Two months ago, the Government announced an expansion of accelerated degrees—a welcome step towards creating more choice and flexibility in higher education—but will it be matched with the funding to make it attractive enough to young people, as well as those with families and regular jobs? In their response to the committee’s report, the Government say that the Office for Students will provide £2 million to support development of accelerated degrees in the current academic year, but they say nothing about thereafter. There will need to be that amount and more on a continuing basis to ensure that these types of degree become more widely known and accepted; otherwise there is a danger that we could see the main beneficiaries being youngish people already in secure jobs and possibly even with a first degree, which surely cannot be what the Government intend. I hope that the noble Viscount will set out their position on this point.
The Government also say in their response, in this case on flexible learning:
“FE colleges can play a vital role for their … communities”.
That must have caused head-shaking by many in the sector, because further education colleges already do that to good effect, although it is despite rather than because of government policy. As acknowledged by the noble Lord, Lord Willetts, further education is the only part of the education budget to have had continued cuts since 2010. Over that period, funding for students aged 16 to 18 has been cut by 8% in real terms and over the last 10 years colleges have had to deal with average funding cuts of around 30%, so it should not come as a surprise to learn that the numbers of part-time higher education students at colleges, who are typically over 25, have declined by more than 10,000 over the last four years.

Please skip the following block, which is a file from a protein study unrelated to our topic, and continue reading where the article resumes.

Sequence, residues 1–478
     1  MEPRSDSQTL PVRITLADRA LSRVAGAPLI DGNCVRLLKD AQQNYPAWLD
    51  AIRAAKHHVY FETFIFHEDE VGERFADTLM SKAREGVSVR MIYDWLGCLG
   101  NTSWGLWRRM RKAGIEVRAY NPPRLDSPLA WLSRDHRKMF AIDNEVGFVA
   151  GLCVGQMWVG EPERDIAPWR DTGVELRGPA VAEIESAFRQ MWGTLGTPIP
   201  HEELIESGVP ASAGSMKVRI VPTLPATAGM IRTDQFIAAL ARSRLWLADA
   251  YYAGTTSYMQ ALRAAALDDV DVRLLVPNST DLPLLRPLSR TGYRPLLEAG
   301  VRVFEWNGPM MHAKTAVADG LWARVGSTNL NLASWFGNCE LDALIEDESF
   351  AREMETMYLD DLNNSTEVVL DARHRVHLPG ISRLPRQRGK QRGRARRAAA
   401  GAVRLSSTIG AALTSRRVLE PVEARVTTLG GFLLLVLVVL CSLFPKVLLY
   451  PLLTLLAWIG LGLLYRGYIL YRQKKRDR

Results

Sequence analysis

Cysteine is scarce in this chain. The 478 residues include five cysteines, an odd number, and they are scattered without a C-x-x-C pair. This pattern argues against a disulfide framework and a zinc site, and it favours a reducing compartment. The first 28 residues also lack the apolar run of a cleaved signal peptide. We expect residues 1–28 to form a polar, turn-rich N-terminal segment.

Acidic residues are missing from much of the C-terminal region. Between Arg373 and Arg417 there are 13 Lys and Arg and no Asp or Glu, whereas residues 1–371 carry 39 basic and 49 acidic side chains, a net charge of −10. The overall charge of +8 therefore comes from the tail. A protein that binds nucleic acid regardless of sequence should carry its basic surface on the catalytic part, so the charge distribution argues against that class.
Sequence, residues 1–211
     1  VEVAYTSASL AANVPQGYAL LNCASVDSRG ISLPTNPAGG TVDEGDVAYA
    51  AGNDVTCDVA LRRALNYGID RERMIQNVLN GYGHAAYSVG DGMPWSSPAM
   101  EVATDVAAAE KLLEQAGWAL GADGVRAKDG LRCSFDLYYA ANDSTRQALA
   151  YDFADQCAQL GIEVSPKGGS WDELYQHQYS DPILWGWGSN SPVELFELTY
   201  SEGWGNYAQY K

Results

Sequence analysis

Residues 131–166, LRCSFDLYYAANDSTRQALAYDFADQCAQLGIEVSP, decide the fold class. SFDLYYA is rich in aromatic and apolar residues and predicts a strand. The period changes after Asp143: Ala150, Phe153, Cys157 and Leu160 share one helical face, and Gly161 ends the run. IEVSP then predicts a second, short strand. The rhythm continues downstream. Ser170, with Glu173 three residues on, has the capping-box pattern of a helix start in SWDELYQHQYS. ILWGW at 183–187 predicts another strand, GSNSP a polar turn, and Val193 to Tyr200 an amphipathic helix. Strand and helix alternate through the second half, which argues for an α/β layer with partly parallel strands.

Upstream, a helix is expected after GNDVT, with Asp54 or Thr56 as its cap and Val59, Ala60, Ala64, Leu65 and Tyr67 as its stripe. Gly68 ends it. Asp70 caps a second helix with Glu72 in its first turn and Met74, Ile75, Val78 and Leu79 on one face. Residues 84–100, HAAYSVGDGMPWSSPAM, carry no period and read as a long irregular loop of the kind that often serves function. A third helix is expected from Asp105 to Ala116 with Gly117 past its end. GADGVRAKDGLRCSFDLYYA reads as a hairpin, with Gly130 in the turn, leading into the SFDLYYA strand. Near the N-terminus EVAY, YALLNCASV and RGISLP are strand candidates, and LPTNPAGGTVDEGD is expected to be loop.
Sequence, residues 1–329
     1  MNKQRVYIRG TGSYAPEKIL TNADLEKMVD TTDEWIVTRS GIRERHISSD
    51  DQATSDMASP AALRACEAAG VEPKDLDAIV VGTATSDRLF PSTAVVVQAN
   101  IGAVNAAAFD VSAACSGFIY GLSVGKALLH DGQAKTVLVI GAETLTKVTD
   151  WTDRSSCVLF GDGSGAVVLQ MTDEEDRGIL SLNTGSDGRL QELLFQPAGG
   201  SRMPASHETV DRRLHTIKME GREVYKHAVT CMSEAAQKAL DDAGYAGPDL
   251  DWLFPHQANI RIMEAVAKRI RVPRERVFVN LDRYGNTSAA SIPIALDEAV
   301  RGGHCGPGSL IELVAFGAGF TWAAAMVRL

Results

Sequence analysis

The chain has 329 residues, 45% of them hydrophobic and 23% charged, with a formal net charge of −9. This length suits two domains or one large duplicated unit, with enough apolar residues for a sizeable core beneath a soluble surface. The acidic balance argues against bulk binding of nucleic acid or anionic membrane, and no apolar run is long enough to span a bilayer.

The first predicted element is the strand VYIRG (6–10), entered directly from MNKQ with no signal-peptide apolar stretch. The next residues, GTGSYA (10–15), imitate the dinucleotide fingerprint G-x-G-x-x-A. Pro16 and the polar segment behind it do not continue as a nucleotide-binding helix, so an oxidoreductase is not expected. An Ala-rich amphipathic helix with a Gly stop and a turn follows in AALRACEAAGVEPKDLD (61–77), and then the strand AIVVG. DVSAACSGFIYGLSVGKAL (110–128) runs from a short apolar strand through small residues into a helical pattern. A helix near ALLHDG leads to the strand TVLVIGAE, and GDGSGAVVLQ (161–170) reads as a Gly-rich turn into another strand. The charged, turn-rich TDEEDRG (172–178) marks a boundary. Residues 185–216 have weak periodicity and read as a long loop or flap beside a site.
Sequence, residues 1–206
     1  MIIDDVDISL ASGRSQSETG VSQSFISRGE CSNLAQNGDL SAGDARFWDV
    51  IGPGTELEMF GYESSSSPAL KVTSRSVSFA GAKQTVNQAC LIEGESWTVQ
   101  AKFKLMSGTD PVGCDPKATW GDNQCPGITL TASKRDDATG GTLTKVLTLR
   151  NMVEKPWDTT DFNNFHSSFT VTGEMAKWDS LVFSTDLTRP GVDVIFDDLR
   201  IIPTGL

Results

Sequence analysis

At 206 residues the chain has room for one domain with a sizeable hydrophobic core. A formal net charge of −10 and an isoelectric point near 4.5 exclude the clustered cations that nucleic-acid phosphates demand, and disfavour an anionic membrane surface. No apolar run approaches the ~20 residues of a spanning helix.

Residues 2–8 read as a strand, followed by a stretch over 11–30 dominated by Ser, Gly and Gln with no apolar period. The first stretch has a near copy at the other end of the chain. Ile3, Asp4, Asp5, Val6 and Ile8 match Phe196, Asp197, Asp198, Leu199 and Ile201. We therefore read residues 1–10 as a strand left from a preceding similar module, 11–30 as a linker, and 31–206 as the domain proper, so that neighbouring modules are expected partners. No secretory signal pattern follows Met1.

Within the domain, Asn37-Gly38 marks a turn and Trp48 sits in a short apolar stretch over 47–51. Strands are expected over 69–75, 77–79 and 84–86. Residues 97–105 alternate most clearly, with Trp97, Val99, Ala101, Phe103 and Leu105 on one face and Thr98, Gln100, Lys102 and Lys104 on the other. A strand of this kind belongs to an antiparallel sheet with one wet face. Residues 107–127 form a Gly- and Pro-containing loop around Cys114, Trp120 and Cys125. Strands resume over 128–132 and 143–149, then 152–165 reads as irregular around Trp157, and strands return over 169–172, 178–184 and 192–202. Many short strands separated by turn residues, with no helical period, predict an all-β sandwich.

The committee rather timidly suggests that the Government should merely,
“explore restoring some teaching funding”,
for FE colleges to,
“stimulate demand for courses at Levels 4 and 5”.
The Government surely need to go much further than that if the imbalance in higher education is to be meaningfully addressed, yet even that modest recommendation is dodged by the Government in their response to the committee, with the suggestion that it will be considered as part of the review of post-18 education and funding. That has been a convenient bolthole in the Government’s responses. By my calculation, that was one of 14 such deflections to the review panel in the Government’s 14-page response.
Much is resting on the shoulders of the Augar review panel when it reports next month. We can only hope that it will largely reflect the committee’s recommendations in its own. The noble Viscount might prove me wrong, but I suspect that is not a hope that the Government will share.